"The most important factor to consider when buying souvenir china is the image," advised collector Laurence Williams, a hotel consultant in Chatham, Mass. "If a piece is in excellent condition, has an unusual shape or view, shows a popular vacation spot, depicts someone's hometown, or is particularly nostalgic, prices generally will be on the high end," he added.
Prices generally rise when the view on a souvenir no longer exists. "So many of these scenes are gone now. They've been replaced by parking lots," said Gary Leveille, editor of Antique Souvenir Collector. A favorite piece from his collection is a German porcelain boot-shaped souvenir depicting the old railroad station and town hall in his hometown, Great Barrington, Mass. He values it around $50 to $60.
Pieces depicting horse-drawn buggies, street scenes and vintage cars are highly desirable, but Mr. Leveille cautions that some views, such as Plymouth Rock, were made in such large quantities they're difficult to sell today for more than a few dollars. An early 20th-century blue and white plate with a picture of the geyser Old Faithful at Yellowstone National Park, priced $18, was spotted recently in Lancaster County, Pa.
Collectors claim souvenir china generally costs the most the closer the seller is to the community pictured -- local demand increases prices. Bounties of souvenir china were dispersed around the country, as tourists trekked home with mementos of their journeys. As a result, it's possible that Baltimore is a good place to acquire vintage souvenirs from Boston or Miami, and that cupboards or closets in Chicago are filled with goodies from Atlantic City or Asbury Park, N.J. Compared to American scenes, souvenirs of foreign countries generally attract less interest from U.S. collectors.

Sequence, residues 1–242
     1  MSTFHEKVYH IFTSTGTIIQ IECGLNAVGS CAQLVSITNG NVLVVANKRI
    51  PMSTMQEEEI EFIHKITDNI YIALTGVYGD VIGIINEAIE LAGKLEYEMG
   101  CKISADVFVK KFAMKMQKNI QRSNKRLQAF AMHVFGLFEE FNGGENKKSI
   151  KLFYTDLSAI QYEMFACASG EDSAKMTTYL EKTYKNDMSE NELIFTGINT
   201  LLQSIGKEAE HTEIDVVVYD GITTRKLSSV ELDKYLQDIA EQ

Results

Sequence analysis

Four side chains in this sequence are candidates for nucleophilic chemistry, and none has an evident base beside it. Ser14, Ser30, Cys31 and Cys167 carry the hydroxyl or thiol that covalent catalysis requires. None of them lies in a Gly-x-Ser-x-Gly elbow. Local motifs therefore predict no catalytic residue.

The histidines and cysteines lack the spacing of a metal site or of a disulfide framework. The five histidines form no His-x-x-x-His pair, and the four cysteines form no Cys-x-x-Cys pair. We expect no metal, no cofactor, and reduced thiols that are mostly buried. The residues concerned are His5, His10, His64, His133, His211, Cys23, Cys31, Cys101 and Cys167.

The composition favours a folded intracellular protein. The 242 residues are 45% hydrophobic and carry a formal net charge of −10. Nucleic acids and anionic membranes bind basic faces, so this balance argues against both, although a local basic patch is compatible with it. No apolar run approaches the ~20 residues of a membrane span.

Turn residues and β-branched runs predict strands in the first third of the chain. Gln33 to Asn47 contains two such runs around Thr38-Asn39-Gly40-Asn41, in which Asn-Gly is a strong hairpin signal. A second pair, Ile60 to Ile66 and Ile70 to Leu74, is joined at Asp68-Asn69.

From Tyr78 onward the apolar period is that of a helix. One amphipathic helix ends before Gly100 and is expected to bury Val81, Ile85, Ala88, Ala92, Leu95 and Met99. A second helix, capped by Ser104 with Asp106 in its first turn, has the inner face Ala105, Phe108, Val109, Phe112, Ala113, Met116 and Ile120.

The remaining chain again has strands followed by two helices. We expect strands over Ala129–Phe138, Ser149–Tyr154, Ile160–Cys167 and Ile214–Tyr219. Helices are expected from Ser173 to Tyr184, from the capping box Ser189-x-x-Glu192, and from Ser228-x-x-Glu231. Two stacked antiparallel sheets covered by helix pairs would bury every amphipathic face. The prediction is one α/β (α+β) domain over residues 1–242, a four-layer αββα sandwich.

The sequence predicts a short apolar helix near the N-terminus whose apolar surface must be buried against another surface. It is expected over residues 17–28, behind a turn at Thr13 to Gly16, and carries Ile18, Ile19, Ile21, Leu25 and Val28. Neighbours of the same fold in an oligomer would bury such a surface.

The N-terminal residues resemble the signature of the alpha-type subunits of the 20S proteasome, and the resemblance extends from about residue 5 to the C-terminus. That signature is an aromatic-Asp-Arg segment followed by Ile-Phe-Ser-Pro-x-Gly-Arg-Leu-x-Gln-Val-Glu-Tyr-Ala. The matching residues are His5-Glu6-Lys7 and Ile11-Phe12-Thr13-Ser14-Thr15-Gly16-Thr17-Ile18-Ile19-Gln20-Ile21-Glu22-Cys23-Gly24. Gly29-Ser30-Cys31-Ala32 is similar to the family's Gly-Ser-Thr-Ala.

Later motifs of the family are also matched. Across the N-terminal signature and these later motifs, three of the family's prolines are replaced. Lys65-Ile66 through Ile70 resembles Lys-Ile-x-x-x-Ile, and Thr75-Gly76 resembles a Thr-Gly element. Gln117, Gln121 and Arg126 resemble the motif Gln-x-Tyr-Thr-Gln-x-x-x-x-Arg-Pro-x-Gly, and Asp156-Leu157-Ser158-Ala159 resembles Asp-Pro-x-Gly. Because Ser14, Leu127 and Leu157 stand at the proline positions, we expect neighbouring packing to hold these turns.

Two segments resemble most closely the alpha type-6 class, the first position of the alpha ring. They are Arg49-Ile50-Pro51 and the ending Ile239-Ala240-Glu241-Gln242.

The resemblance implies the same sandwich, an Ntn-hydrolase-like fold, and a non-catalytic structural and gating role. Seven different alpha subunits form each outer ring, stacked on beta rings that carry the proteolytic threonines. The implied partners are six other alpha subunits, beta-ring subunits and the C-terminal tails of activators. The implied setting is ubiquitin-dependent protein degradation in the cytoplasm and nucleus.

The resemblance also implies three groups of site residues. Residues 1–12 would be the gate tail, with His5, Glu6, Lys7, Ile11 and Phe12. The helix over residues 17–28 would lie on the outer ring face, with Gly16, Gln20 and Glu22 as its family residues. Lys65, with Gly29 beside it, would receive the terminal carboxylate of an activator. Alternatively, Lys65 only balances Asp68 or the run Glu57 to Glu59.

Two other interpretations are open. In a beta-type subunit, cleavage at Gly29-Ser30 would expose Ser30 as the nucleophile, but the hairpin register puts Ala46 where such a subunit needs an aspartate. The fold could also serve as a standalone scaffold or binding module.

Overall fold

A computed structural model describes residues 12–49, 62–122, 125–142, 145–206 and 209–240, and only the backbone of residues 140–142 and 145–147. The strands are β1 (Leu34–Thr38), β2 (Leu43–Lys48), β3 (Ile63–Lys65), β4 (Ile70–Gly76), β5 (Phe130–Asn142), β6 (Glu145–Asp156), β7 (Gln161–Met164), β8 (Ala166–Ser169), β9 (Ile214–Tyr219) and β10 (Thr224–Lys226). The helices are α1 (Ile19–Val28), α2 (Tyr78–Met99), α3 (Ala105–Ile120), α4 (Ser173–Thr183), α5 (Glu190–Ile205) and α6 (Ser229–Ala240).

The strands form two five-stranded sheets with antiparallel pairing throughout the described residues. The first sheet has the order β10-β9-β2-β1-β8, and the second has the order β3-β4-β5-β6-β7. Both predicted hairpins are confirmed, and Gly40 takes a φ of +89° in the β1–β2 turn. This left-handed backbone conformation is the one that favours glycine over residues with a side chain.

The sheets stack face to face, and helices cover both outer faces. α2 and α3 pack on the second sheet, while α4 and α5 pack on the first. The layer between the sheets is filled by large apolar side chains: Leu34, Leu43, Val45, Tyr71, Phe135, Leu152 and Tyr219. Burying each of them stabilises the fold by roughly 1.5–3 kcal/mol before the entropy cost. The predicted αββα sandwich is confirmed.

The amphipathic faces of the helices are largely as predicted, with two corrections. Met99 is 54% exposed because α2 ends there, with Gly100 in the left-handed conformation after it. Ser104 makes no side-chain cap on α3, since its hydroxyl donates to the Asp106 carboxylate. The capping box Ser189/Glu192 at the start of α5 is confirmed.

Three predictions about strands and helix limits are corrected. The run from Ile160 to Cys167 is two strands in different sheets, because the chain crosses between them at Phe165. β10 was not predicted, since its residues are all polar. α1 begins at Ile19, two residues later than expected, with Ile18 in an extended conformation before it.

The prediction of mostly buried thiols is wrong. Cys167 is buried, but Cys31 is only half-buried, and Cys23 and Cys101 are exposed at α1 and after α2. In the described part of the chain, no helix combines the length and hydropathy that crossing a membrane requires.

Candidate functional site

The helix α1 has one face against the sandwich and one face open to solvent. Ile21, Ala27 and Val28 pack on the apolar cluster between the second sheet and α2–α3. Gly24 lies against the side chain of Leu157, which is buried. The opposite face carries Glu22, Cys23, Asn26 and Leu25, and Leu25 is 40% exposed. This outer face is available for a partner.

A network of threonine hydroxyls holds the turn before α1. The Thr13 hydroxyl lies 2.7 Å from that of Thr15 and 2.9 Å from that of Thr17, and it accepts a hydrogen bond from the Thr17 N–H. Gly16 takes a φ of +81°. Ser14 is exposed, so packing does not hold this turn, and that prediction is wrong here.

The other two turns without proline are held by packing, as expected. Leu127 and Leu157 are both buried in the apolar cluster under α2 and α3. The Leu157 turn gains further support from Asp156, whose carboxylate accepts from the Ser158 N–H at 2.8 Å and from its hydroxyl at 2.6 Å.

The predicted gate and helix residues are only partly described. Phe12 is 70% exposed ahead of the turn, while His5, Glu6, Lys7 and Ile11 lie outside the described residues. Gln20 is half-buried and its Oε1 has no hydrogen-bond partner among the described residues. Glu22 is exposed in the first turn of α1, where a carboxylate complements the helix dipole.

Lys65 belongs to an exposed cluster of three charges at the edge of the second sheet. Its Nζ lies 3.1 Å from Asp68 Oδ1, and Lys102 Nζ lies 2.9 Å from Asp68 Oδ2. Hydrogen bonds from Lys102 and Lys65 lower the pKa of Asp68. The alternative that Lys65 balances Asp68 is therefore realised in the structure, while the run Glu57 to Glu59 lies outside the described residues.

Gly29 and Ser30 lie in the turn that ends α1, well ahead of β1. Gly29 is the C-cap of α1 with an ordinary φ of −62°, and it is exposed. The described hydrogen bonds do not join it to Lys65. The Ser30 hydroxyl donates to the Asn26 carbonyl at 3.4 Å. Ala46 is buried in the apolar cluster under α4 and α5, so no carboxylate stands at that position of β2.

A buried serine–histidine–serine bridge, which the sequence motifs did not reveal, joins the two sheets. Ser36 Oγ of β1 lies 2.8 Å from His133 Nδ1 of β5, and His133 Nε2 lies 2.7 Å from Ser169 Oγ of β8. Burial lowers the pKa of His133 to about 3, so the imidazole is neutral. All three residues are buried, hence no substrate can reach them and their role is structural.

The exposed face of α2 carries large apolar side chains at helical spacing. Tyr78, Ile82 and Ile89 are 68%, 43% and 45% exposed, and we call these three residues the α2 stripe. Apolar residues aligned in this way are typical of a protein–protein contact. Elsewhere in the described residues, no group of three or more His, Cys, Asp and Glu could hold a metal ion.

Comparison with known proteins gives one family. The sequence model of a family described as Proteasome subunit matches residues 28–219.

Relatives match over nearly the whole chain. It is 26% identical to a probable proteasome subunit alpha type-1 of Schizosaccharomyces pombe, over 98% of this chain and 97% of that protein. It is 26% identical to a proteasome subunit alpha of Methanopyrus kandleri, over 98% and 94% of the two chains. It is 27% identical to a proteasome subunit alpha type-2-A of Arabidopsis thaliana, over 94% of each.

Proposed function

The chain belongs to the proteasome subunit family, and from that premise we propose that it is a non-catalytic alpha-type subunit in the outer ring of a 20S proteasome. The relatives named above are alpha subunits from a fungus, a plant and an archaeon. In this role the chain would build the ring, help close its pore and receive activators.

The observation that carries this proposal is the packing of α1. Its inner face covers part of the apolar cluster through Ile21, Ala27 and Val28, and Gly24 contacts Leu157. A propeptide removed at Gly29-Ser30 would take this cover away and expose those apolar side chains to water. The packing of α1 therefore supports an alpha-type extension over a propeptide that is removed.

At the mammoth "Atlantique City," N.J., collectibles show in March, dealer "Big Frank" Janczuk, of Grandma's Stuff, in Philadelphia, offered dozens of souvenirs including: a 1920s ashtray ($30) inscribed "Trenton Makes, the World Takes," made by the New Jersey Porcelain Co.; a 4-inch pierced-edge plate depicting Kokomo, Ind. ($32); a shoe-shaped souvenir of St. Anthony Falls, Minn. ($28); and a memento of a lighthouse in Gloucester, Mass. ($28).
Souvenir china buffs say that a clubby network of kindred spirits nationwide is all too willing to keep an eye out for mementos of your favorite place and to buy, sell and trade through newsletter ads and at specialty shows. Bill Wilson, of Manhattan Beach, Calif., who collects souvenirs depicting lighthouses, shipwrecks or Catalina Island, Calif., bought several pieces by phone in April. Wilson was at home in Southern California, while another collector, equipped with a portable phone, prowled a Lancaster County, Pa., souvenir china show, describing the wares for sale.